Once surgery has been completed, you are brought to the recovery
room, which also may be called the post-anesthesia care unit. In the
recovery room, clinical staff will closely monitor you as you recover
from anesthesia. The length of time spent in recovery depends on the
type of surgery performed and the individual patient. While a patient
is in recovery, the clinical staff may do the following:
Monitor vital signs such as blood pressure, pulse, and
Monitor for any signs of complications
Take the patient's temperature
Check for swallowing or
Monitor the patient's level of consciousness
Check any lines, tubes, or drains
Check the wound
Check intravenous infusions
Monitor the patient's
Maintain the patient's comfort with pain
medication and body positioning
A patient can aid the speed of recovery by doing certain breathing
and moving exercises in the recovery room. Always consult with your
physician before trying the following:
Deep breaths Lying flat for an extended period of time
can cause fluids to accumulate in the lungs. Taking deep breaths
utilizing the entire diaphragm and abdomen can prevent pneumonia
from setting in.
Spirometer A spirometer is a device used by your
physician that assesses lung function. Spirometry, the evaluation of
lung function with a spirometer, is one of the simplest, most common
pulmonary function tests and may be necessary for any/all of the
Determine how well the lungs receive,
hold, and utilize air
Monitor a lung disease
Monitor the effectiveness of treatment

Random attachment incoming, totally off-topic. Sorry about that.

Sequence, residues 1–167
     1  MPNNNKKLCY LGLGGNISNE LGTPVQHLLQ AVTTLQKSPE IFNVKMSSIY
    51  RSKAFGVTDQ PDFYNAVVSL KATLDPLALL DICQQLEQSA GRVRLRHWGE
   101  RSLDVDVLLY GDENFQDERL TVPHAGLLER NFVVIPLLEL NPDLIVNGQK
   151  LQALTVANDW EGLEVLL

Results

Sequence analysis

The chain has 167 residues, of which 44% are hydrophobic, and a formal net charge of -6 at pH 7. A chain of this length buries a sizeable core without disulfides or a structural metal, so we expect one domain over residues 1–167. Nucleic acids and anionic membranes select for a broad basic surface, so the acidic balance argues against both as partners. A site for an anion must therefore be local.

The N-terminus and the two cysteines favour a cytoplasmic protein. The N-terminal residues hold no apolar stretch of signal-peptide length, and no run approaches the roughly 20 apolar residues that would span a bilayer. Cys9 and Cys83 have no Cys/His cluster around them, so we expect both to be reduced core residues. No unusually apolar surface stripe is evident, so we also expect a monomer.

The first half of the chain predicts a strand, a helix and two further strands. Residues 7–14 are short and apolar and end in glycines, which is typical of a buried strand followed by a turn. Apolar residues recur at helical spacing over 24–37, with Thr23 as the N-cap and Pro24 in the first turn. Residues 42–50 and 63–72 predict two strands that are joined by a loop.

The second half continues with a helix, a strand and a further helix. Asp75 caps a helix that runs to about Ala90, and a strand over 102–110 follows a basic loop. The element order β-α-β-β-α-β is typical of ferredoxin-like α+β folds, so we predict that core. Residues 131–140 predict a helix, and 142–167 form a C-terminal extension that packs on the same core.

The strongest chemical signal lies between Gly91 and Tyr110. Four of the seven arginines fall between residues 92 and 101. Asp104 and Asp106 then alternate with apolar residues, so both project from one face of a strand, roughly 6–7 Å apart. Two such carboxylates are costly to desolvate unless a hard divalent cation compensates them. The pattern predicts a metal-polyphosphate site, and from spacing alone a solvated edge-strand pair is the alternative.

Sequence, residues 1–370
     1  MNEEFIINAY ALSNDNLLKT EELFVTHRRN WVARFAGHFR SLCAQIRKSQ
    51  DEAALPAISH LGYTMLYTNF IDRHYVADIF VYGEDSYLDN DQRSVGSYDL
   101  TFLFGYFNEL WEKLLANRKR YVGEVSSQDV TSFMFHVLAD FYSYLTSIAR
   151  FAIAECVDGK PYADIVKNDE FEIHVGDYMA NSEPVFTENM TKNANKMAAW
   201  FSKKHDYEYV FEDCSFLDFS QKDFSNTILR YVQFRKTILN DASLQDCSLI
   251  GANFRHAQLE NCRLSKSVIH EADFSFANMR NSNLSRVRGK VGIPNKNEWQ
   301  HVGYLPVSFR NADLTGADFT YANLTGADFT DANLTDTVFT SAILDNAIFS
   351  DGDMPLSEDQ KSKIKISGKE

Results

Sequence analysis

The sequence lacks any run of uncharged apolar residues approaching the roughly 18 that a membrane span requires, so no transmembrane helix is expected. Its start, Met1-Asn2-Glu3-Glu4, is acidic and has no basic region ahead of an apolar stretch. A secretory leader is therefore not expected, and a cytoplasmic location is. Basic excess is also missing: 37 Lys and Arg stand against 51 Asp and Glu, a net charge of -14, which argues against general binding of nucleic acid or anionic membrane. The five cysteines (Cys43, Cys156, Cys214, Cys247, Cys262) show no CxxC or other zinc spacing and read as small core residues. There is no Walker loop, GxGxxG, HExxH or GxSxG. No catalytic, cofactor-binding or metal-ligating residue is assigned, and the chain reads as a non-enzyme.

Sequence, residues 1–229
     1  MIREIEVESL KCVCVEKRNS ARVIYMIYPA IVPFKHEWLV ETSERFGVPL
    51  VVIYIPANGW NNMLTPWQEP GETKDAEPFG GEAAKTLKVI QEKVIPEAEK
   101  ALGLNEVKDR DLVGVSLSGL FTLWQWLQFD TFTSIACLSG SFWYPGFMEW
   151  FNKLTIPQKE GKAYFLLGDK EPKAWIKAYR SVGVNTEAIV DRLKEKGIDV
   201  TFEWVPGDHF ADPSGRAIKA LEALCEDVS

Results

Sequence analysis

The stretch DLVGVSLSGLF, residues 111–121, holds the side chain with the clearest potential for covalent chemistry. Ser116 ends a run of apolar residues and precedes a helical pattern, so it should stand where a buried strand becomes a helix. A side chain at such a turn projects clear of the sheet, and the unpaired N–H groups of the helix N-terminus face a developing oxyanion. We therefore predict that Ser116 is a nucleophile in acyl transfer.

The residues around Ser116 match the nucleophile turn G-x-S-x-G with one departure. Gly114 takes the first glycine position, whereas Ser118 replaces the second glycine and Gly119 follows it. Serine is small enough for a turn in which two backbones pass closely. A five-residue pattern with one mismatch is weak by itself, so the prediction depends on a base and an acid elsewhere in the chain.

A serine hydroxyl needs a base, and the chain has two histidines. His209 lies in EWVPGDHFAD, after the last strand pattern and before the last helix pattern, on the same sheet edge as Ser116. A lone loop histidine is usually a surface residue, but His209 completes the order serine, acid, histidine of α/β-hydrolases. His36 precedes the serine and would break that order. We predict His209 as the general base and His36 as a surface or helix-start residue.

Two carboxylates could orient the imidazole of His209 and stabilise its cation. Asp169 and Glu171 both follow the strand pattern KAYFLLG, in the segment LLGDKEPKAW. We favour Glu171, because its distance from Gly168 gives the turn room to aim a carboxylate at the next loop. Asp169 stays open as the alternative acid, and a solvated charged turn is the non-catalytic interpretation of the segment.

the severity of a lung disease
Determine whether the
lung disease is restrictive (decreased airflow) or obstructive
(disruption of airflow)
Coughing Coughing helps remove chest secretions, which
is another way to prevent pneumonia.
Turning Changing positions while in the recovery bed
helps stimulate circulation and deeper breathing and relieves
Foot and leg exercises Moving the legs and feet
stimulates circulation. Depending on the type of surgery, patients
are encouraged to bend the knee and raise the foot several times, to
"bicycle" and to draw circles with their great toes. You
may be asked to wear special elastic stockings to stimulate
Sometimes a patient is transferred to the intensive care unit (ICU)
for further, close monitoring. Intensive care is most often needed for
patients on artificial ventilation, for patients recovering from heart
attacks or major surgery, for patients in shock, and for patients with
acute renal failure, among other reasons. In intensive care, clinical
staff closely watches the patient 24 hours a day.
Obese people have less sensitive taste buds than normal-weight people, but bariatric surgery may increase their taste sensitivity in addition to helping them shed pounds, finds new research from Stanford University School of Medicine.
After weight-loss surgery, some patients may be at risk for developing severe headaches, a new study suggests.
Clinical trials are research studies that evaluate a new medical approach, device, drug, or other treatment. As a Stanford Health Care patient, you may have access to the latest, advanced clinical trials.
Open trials refer to studies currently accepting participants. Closed trials are not currently enrolling, but may open in the future.
Stanford Health Care (formerly Stanford Hospital & Clinics)
provides comprehensive services to refer and track patients, as well
as provides the latest information and news for physicians and office
staff. For help with all referral needs and questions visit Referring Physicians.
HOW TO REFER
Fax a referral form with supporting documentation to
Track your patients' progress and communicate with Stanford providers